Sunday, 2 September 2012

Cape Fear

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Year:1991
Country of origin:USA
Director:Martin Scorsese
Genre:Overblown remake
Starring:Robert De Niro, Nick Nolte, Juliette Lewis, Jessica Lange
Rating:3/5
IMDB link:http://www.imdb.com/title/tt0101540/
Tagline:There is nothing in the dark that isn't there in the light. Except fear.
Favourite line:"You're scared. But that's Ok. I want you to savor that fear."

Scorsese’s remake of the highly regarded J. Lee Thompson original.

The plot:
Sam Bowden, a defence attorney, is a man trapped in a loveless marriage, seeking affection from co-workers.
Max Cady is a beater of women and raper of children who, fourteen years previously, had Bowden as his lawyer.
Now released, Cady seems convinced that Bowden did not do all that he could to keep him out of prison.
With fourteen years to consider his actions upon release, Cady is a driven man, eager to seek revenge for the perceived injustice.
And what better way to start than with Bowden’s fifteen year old daughter?

The original garnered some controversy upon release, the idea that a child could be a potential victim of a sexual attack one never previously explored in mainstream cinema.
Here, Scorsese decides to remake the original and retain the feel – I confess at this point that I have never seen the original, so this judgement is based on reading from other sources – and it is something of a folly.
Though not directed by Hitchcock, the original movie is regarded as ‘Hitchcockian’ in style and tone, an interpretation only enhanced as the rambunctious score was composed by one Bernard Herrmann, the composer responsible for Hitchcock’s own Vertigo, North By Northwest and, of course, Psycho.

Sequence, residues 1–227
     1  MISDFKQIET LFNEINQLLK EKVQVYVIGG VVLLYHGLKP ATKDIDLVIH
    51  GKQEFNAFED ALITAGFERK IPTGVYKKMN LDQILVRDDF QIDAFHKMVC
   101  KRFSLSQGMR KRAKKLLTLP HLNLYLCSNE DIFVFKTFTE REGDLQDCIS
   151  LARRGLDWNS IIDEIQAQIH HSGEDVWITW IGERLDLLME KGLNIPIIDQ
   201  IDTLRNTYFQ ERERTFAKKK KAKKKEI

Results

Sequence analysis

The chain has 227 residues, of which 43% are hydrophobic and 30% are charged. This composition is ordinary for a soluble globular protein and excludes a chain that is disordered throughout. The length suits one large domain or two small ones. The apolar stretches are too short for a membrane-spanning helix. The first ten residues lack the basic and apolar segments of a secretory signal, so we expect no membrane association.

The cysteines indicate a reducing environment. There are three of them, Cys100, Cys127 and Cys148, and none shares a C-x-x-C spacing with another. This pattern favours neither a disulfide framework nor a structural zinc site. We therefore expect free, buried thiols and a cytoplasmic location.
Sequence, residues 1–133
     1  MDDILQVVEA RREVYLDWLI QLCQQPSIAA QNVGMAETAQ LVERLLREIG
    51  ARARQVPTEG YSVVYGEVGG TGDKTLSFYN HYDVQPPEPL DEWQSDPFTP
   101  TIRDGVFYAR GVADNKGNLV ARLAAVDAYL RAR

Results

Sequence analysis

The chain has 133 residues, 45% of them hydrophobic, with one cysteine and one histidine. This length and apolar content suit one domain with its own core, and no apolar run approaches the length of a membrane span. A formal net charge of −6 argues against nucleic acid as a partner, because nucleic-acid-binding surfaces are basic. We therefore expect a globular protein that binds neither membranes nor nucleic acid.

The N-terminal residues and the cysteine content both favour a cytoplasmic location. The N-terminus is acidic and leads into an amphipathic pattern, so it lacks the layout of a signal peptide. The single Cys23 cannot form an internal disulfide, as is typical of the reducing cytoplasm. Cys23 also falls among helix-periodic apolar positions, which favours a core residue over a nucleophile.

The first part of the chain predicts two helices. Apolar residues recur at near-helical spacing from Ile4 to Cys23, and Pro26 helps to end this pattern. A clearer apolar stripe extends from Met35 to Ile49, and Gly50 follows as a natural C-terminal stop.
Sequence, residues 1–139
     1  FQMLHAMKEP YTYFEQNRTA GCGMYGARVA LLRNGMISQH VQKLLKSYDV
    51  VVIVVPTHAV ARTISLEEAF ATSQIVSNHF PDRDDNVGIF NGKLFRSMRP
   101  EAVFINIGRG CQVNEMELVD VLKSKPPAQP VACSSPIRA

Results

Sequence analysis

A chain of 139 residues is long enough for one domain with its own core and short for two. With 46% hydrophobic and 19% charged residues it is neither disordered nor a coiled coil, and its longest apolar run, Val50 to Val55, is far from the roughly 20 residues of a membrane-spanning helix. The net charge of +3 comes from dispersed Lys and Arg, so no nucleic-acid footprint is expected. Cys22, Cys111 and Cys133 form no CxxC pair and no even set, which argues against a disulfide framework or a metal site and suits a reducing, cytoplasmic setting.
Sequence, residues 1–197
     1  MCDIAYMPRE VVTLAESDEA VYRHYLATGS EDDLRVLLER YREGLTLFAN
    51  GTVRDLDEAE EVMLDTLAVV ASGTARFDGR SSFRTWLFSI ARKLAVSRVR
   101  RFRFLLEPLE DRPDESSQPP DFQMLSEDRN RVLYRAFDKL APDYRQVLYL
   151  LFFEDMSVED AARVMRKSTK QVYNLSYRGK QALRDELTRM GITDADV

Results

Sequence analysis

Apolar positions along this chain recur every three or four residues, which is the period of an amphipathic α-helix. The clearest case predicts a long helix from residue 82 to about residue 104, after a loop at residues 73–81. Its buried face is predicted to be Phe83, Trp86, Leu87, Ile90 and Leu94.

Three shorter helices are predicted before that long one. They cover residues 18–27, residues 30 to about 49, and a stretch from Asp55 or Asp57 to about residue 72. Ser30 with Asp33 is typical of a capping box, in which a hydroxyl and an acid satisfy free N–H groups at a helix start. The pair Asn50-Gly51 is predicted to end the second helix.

Here, Scorsese chooses to ask Herrmann to score once more, with inevitable overwrought consequences.
Indeed, at times, the musical composition renders this near unwatchable, and scenes that should be imbued with genuine dread and menace become almost comical. There’s a reason sounds change: it’s so they don’t become amusing clich├ęs and, unfortunately, that is the case here.
Further, Scorsese chooses to adopt camera angles reminiscent of the era of the original – some shot for shot, apparently – and, whilst impressive in 1962, now they just seem silly. Then we talk about the cast.
Nick Nolte is Nick Nolte He’s the same in everything. You either like him or you don’t. Me? I ain’t that fussed by him.
De Niro is odd. To begin with, his character is irritating, a caricature, hard to take seriously but, as the movie builds momentum and the nastiness goes up a notch, he seems to fall in line well enough.
Stand out, though, is Juliette Lewis, as fifteen year old Danielle. Although twenty at the time, she still manages to imbue the performance with a sense of naivety and girlish innocence, and quite rightly received a Best Supporting Actress nomination. Scientologist now. Feels like we’ve lost one of our own.
Next complaint: the decision making.
The family, pursued by a madman, hell-bent on their destruction, decide the best place to hide is on a boat, in the middle of nowhere, smack in the middle of a region called Cape Fear.
Hmmmm….. Nothing could possibly go wrong.
Overwrought, overblown, overlong and overly silly – the last twenty minutes smacks more of Friday the 13th than anything genuinely plausible – this is far from Scorsese’s finest hour, though still manages a moment or two to justify a view.
Confused by the review?
Seems like I hate it, but still don’t really pan it with the score.
You’ll be more confused by the movie itself, I assure you.

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